He was always known for his entrepreneurial talents. How was that reflected in touring?
He was always looking for ways to have his own everything from tour buses to sprinter vans to anything as far as travel. He was trying to purchase it himself. His merchandise and everything was done in-house. It was him pressing them up himself, putting them out, going on tour himself. He always wanted to figure it out himself. He might use a vendor the first time, but he would figure it out after. He also wanted to invest in his show. He invested a lot of money into the production of his show. From set pieces to dancers to bands, we covered it all.
View this post on Instagram
How did his live show evolve over the years?
The demand changed the most. He became more in demand as the years went on. On his first tour, he had a video wall. A lot of people typically go onstage and have a DJ riser, and put a skirt over the table to save some money. But, he did it bigger at smaller venues. We knew if we were going to build a ticket history and ticket demand, we had to give people something to see that was different than the next person.
One of the artists he was the closest with was Key Glock. How did Dolph help him with his live show?
He helped him tremendously. Glock grew into his live show by being on tour with Dolph. He was able to see someone command the stage, demand things from the crowd, and the crowd responding from those demands. They would go back and forth onstage with songs and verses. That helped him build his character.
What was their relationship like offstage?
It was a big brother/nephew type of relationship. You could tell Glock was watching how Dolph moved. He could see what he needed to do by watching what Dolph was doing.
What do you remember about Dolph’s final show?
His last show was actually at the University of Memphis the week he passed. It was their homecoming show. It was his hometown show at a packed gym.
What did you have planned for Dolph in 2022?
Dolph was going to go on tour at the top of the year, and Key Glock was going on after him. So, we ended up moving Key Glock’s tour up earlier in Dolph’s place.
Did you notice Dolph’s death affecting Key Glock while he was on that first tour following his passing?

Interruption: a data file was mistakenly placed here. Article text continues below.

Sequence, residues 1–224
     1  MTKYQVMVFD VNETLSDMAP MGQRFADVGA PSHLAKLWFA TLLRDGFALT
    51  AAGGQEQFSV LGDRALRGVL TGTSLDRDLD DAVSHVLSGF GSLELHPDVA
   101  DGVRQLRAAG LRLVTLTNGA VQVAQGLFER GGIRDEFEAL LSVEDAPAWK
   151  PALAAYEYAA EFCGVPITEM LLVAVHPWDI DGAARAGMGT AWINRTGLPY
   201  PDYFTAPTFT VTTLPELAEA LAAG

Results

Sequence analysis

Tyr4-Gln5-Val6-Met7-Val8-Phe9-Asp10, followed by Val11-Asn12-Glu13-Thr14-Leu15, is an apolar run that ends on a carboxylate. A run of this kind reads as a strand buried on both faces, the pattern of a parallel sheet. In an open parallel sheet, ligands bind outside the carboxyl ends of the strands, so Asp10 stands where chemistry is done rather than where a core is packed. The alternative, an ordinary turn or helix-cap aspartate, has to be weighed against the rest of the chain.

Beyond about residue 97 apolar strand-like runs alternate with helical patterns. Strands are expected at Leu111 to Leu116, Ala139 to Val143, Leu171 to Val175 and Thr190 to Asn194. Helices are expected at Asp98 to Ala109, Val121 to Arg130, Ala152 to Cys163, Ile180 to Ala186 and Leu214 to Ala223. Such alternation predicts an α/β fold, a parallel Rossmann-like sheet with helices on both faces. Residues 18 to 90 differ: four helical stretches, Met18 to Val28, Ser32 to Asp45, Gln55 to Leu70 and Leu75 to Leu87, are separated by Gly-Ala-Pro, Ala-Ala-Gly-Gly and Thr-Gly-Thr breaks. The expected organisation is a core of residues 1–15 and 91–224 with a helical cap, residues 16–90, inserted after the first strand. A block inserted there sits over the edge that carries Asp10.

Honestly, the biggest impact was on the fans. The fans came out in droves to support Glock and PRE. Glock would always do a tribute in his music. Glock’s first show back was an Atlanta show at Buckhead Theatre [on April 4, 2022]. The whole PRE was there. Everybody got onstage to do a set.
What do you have coming for the rest of the year and in 2023?
We’re doing spot dates, and then 2023 is a new Key Glock tour. We’re planning that right now.
YOU MIGHT ALSO LIKE
YOU MIGHT ALSO LIKE
Key Glock drops off latest visual for "Work"
Key Glock returns with new 'Glockoma 2' album
Key Glock drops off new "Dirt" single
Key Glock officially announces "Glockoma Tour" dates
Young Dolph murder suspect released from Texas jail
Key Glock drops off new “Spike Lee” visual
Key Glock drops off latest visual for "Forgive Me"
B. Simone vs. Desi Banks | 'Receipts'
On this episode of “Receipts,” Desi Banks puts his friendship with comedian and entrepreneur B. Simone to the test when they battle it out to guess contestant Darrius’ hidden talent. Presented by Walmart.
Desi Banks vs. Eric Bellinger | 'Receipts'
Get ready for “Receipts,” the all-new game show brought to you by REVOLT and Walmart where contestants battle it out to reveal a Black and Unlimited shopper’s hidden talent from clues on their shopping receipt! For the premiere, host Desi Banks goes three rounds with the one and only Eric Bellinger. Watch!
B. Simone and Desi Banks go head-to-head on “Receipts” game show
After a few pleasantries, Desi Banks and B. Simone dived right into the first round of gameplay – and it was hilarious from beginning to end.
Eric Bellinger stars in premiere episode of REVOLT’s new game show “Receipts”
REVOLT and Walmart are spotlighting everyday Black shoppers with unexpected talents on the new show.